Obama: "Season of Progress" in Middle East Continues
Taking an assertive tone against Iran without dictating a specific deadline for action, Mr. Obama warned that the United States would eventually look past diplomacy for a way to contain Iran's nuclear ambitions.
"America wants to resolve this issue through diplomacy, and we believe that there is still time and space to do so. But that time is not unlimited," Mr. Obama said. "We respect the right of nations to access peaceful nuclear power, but... the United States will do what we must to prevent Iran from obtaining a nuclear weapon."
On Monday, Iranian President Mahmoud Ahmadinejad maintained his country's project to enrich uranium is only for peaceful purposes. Ahmadinejad expressed optimism that Iran could reach a diplomatic resolution with the U.S., but he also berated the U.S. for defending Israel, referring to Israel as a nuclear-armed "fake regime."
Mr. Obama on Tuesday also took the Assad regime in Syria to task, charging, "In Syria, the future must not belong to a dictator who massacres his people."
He said the U.S. will work for "sanctions and consequences for those who persecute; and assistance and support for those who work for this common good. Because we believe that the Syrians who embrace this vision will have the strength and legitimacy to lead."
Mr. Obama called on all world leaders to reject political violence and extremist views.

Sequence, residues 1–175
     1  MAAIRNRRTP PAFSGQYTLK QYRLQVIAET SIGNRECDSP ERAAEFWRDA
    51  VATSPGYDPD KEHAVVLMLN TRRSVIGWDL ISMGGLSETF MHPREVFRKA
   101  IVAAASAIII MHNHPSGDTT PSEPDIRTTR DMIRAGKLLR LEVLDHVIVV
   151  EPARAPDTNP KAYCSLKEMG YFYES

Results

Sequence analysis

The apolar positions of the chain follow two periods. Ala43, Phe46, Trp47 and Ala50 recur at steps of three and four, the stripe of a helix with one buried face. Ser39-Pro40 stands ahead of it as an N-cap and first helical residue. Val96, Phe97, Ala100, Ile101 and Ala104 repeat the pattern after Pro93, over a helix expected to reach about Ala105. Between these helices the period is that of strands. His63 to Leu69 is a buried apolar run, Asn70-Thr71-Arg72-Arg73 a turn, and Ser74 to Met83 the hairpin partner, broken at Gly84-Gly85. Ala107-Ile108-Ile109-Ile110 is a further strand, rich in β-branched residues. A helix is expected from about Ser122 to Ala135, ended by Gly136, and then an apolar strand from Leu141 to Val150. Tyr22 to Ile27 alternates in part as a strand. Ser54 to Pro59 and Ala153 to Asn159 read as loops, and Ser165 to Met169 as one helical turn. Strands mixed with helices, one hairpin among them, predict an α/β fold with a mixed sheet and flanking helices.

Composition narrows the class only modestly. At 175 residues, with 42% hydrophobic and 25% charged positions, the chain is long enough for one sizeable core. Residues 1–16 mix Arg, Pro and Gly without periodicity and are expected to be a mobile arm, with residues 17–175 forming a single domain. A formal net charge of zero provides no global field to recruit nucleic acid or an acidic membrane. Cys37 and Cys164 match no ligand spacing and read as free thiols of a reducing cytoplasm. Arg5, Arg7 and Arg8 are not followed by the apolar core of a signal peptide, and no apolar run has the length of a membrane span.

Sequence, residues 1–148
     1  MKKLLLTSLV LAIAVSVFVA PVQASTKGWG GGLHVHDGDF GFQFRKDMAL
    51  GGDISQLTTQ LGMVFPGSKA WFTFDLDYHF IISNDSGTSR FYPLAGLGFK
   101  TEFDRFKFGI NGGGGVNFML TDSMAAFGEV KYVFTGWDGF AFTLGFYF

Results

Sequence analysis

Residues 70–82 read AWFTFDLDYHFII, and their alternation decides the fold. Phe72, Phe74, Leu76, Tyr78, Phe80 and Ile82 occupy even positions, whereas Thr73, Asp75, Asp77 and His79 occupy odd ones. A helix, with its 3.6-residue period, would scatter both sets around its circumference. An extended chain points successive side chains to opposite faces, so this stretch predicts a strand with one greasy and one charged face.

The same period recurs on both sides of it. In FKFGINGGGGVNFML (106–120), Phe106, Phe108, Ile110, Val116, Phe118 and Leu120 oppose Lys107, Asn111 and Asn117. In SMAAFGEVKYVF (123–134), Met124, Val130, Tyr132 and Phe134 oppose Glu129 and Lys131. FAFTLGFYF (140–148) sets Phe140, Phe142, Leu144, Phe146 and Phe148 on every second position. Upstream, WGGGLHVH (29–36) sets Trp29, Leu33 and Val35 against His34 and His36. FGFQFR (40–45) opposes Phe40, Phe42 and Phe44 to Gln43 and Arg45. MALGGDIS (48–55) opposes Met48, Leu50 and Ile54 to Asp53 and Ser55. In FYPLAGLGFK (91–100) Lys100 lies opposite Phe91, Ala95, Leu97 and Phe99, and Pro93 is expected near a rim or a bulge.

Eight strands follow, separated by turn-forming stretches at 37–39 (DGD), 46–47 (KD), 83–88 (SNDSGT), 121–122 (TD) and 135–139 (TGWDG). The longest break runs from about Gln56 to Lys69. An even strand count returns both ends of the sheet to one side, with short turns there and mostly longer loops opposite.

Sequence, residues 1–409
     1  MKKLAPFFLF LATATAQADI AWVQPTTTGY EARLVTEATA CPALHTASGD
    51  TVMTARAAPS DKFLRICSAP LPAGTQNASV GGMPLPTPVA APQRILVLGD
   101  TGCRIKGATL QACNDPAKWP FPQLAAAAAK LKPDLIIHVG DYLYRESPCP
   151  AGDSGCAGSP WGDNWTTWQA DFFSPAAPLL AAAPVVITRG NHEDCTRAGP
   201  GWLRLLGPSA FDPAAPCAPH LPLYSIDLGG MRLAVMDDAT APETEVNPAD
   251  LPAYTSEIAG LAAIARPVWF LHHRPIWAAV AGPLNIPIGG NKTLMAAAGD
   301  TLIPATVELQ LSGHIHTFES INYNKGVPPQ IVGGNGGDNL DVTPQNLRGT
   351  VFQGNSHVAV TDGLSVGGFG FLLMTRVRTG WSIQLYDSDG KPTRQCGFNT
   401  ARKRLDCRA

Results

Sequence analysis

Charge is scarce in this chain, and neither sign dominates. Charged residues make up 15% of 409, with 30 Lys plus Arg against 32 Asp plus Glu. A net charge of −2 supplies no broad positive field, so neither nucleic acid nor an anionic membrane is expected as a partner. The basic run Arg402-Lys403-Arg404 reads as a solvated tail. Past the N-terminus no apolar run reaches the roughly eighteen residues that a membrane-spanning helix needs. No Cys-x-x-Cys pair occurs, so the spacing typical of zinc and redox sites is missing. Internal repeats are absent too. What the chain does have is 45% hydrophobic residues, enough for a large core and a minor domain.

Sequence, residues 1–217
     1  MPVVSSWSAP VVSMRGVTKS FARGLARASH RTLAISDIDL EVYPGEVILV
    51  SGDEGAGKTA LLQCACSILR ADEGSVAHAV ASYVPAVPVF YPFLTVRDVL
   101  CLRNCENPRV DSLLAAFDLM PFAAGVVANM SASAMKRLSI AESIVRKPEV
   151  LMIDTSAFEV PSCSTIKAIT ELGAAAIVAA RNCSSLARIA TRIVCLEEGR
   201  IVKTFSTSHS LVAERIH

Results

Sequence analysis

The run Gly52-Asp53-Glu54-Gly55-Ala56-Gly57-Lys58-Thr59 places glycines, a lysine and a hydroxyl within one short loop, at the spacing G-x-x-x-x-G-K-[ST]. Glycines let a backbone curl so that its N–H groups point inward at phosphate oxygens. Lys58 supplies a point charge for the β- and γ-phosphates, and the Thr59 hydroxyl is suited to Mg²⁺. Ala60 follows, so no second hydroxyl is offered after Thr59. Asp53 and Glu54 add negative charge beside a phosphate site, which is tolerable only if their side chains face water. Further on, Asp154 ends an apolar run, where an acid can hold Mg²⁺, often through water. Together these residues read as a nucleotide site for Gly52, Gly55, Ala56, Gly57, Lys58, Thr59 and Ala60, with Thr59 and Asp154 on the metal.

"The impulse towards intolerance and violence may initially be focused on the West, but over time it cannot be contained," he warned. "The same impulses toward extremism are used to justify war between Sunnis and Shia, between tribes and clans. It leads not to strength and prosperity but to chaos."
He specifically decried the violence across the Muslim world sparked by an American-produced, anti-Islam video. The president clarified that he considered it a "crude and disgusting" video and that it had nothing to do with the views of the U.S. government but noted that "Americans have fought and died around the globe" to protect free speech.
"I know that not all countries in this body share this understanding of the protection of free speech," Mr. Obama continued. "Yet in 2012, at a time when anyone with a cell phone can spread offensive views around the world with the click of a button, the notion that we can control the flow of information is obsolete. The question, then, is how we respond. And on this we must agree: there is no speech that justifies mindless violence."